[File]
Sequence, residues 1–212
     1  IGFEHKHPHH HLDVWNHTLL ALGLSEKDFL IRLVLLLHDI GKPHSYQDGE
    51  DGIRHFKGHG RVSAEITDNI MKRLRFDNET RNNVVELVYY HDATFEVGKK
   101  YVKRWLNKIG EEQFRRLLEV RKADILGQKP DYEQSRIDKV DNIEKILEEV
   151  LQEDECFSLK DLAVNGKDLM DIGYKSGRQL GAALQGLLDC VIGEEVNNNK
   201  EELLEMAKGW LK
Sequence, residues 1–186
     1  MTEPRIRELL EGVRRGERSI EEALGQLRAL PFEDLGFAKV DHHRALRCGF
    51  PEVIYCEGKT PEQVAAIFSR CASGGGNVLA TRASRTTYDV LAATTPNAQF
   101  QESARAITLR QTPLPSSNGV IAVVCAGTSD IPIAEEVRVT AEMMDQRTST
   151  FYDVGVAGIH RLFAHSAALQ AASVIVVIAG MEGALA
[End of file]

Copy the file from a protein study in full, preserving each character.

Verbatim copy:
Sequence, residues 1–212
     1  IGFEHKHPHH HLDVWNHTLL ALGLSEKDFL IRLVLLLHDI GKPHSYQDGE
    51  DGIRHFKGHG RVSAEITDNI MKRLRFDNET RNNVVELVYY HDATFEVGKK
   101  YVKRWLNKIG EEQFRRLLEV RKADILGQKP DYEQSRIDKV DNIEKILEEV
   151  LQEDECFSLK DLAVNGKDLM DIGYKSGRQL GAALQGLLDC VIGEEVNNNK
   201  EELLEMAKGW LK
Sequence, residues 1–186
     1  MTEPRIRELL EGVRRGERSI EEALGQLRAL PFEDLGFAKV DHHRALRCGF
    51  PEVIYCEGKT PEQVAAIFSR CASGGGNVLA TRASRTTYDV LAATTPNAQF
   101  QESARAITLR QTPLPSSNGV IAVVCAGTSD IPIAEEVRVT AEMMDQRTST
   151  FYDVGVAGIH RLFAHSAALQ AASVIVVIAG MEGALA